Determination of Specific IgE to Rice and Potentially Cross-Reacting Cereals

Sera were analyzed for specific IgE antibodies to rice (f9) and glycopeptide MUXF (Ro214) by the Pharmacia ImmunoCAP® System (Pharmacia Diagnostics, Uppsala, Sweden), according to the instructions of the manufacturer. Serum of the rice-allergic patient was further tested for specific IgE to rye flour (f5), wheat flour (f4) and oat flour (f7).

Rice Extracts

Protein extracts were prepared from cooked (20 min, 100°C) basmati rice and long-grain rice. Upon heating, samples were frozen in liquid nitrogen and homogenized. Proteins from 5 g of frozen material were extracted in PBS buffer (12 ml). Supernatant was filtered and subjected to SpeedVac centrifugation to enhance protein concentration to 40 (basmati rice extract) and 60 µg/ml (long-grain rice extract), respectively. In addition, a commercially available extract (2.3 mg/ml PBS, 100 mM sodium chloride, pH 7.4) prepared without heating from crude basmati rice was used (F-1312; Squarix).

Basophil Activation Test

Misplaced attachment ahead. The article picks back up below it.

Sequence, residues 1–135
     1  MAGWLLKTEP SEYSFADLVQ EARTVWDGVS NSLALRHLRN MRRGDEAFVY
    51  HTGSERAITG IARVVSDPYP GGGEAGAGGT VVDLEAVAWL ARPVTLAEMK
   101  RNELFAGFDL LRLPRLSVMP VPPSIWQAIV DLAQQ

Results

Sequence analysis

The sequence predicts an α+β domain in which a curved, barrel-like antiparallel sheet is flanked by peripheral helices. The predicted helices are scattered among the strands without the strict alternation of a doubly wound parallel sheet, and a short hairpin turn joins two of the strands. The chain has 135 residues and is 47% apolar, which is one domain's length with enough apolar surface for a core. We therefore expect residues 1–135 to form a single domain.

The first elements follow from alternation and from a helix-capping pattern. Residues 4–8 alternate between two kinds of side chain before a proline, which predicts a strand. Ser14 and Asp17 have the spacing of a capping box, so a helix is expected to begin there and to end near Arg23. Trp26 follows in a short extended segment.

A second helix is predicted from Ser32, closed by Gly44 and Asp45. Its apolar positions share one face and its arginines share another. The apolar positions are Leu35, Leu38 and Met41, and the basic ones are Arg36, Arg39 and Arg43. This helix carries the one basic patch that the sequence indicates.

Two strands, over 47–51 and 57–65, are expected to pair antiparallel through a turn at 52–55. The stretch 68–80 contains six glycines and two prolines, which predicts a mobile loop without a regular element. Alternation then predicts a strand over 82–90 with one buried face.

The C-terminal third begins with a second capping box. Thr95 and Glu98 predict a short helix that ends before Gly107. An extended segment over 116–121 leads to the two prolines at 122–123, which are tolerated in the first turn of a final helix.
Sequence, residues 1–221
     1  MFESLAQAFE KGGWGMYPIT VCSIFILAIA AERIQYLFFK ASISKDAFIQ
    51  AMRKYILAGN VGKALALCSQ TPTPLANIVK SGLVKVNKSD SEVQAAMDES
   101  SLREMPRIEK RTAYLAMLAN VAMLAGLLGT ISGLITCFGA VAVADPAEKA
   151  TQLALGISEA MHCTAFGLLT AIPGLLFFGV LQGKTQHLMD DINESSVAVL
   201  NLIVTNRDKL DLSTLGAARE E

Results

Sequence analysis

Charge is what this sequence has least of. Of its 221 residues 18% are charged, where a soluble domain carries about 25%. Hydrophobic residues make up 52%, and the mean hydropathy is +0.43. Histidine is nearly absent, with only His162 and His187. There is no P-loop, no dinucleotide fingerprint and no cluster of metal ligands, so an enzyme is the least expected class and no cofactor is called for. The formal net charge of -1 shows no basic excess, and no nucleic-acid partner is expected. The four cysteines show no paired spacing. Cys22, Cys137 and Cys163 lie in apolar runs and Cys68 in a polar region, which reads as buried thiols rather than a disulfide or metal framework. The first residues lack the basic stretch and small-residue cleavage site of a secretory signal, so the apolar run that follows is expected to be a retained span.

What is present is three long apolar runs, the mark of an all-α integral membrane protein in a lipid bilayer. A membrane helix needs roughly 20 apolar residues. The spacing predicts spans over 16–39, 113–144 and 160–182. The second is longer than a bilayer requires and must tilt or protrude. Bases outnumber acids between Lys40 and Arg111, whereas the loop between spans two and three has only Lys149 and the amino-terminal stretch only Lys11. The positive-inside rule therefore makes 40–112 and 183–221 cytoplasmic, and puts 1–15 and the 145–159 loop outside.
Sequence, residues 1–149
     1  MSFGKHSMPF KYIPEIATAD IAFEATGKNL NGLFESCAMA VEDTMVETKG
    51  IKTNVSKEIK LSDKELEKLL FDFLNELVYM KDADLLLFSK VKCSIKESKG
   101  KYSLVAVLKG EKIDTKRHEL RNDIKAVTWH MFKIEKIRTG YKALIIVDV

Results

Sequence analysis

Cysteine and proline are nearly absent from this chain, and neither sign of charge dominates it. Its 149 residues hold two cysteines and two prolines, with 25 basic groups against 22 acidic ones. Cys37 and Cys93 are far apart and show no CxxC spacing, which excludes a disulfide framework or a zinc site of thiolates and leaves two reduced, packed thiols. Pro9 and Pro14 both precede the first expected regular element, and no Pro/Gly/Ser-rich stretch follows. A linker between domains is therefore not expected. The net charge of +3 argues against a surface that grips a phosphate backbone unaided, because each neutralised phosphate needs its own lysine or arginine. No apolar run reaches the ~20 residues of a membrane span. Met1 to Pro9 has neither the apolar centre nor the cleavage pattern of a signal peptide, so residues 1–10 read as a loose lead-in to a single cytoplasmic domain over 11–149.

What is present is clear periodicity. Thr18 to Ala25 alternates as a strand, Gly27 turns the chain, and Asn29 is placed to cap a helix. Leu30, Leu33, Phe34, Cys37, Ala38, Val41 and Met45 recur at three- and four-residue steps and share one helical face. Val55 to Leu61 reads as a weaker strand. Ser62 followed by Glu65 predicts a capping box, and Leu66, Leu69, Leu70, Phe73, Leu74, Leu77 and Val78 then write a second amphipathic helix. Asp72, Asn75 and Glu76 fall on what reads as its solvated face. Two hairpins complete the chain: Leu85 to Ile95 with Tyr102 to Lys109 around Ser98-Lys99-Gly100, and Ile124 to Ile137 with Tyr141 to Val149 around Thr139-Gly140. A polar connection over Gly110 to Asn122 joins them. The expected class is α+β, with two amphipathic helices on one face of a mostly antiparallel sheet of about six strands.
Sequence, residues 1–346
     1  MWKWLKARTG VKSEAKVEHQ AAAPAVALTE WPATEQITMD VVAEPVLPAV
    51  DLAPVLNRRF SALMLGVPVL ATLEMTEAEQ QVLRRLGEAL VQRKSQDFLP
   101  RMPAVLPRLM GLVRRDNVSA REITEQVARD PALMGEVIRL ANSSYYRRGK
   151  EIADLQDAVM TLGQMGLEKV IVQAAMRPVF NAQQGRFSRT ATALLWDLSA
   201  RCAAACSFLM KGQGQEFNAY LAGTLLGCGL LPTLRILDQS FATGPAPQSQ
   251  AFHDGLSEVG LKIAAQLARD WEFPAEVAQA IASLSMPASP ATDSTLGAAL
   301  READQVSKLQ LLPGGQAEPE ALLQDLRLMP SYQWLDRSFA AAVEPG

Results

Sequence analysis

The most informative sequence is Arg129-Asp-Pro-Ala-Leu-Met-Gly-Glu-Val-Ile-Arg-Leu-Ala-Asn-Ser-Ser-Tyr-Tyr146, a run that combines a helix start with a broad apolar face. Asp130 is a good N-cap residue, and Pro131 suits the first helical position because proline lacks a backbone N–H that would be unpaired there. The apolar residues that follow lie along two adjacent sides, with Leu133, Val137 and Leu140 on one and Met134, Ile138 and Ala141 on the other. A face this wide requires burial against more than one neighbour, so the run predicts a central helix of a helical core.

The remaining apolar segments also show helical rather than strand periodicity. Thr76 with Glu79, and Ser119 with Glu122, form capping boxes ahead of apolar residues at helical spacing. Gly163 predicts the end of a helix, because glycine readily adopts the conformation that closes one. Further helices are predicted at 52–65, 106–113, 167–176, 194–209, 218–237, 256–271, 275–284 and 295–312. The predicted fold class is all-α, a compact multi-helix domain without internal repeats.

Blood (5 ml) from the rice-allergic patient and a non-allergic control was used within 6 h of blood sampling for the basophil activation test (BAT). The BAT is a flow-cytometric cellular allergen stimulation test which is based on the in vitro allergen-induced specific activation of basophils [22]. The assay was performed using a Flow-CAST® kit according to the instructions of the manufacturer (Bühlmann Laboratories, Basel, Switzerland). Briefly, leukocytes were stimulated with rice extracts (Squarix and long-grain rice) at concentrations ranging from 0.1 to 10–5 µg/ml, a control antigen (extract form lettuce and endive), and a negative (buffer) and positive control (activating anti-FcεRI antibody). The cells were double stained with anti-CD63-PE- and anti-IgE-FITC-labeled antibodies. Activated basophils (CD63+ and IgE+, double-positive cells) were counted flow-cytometrically at 488 nm on a FACS Calibur (Becton Dickinson Immunocytometry Systems, Mansfield, Mass., USA) using CellQuest Software.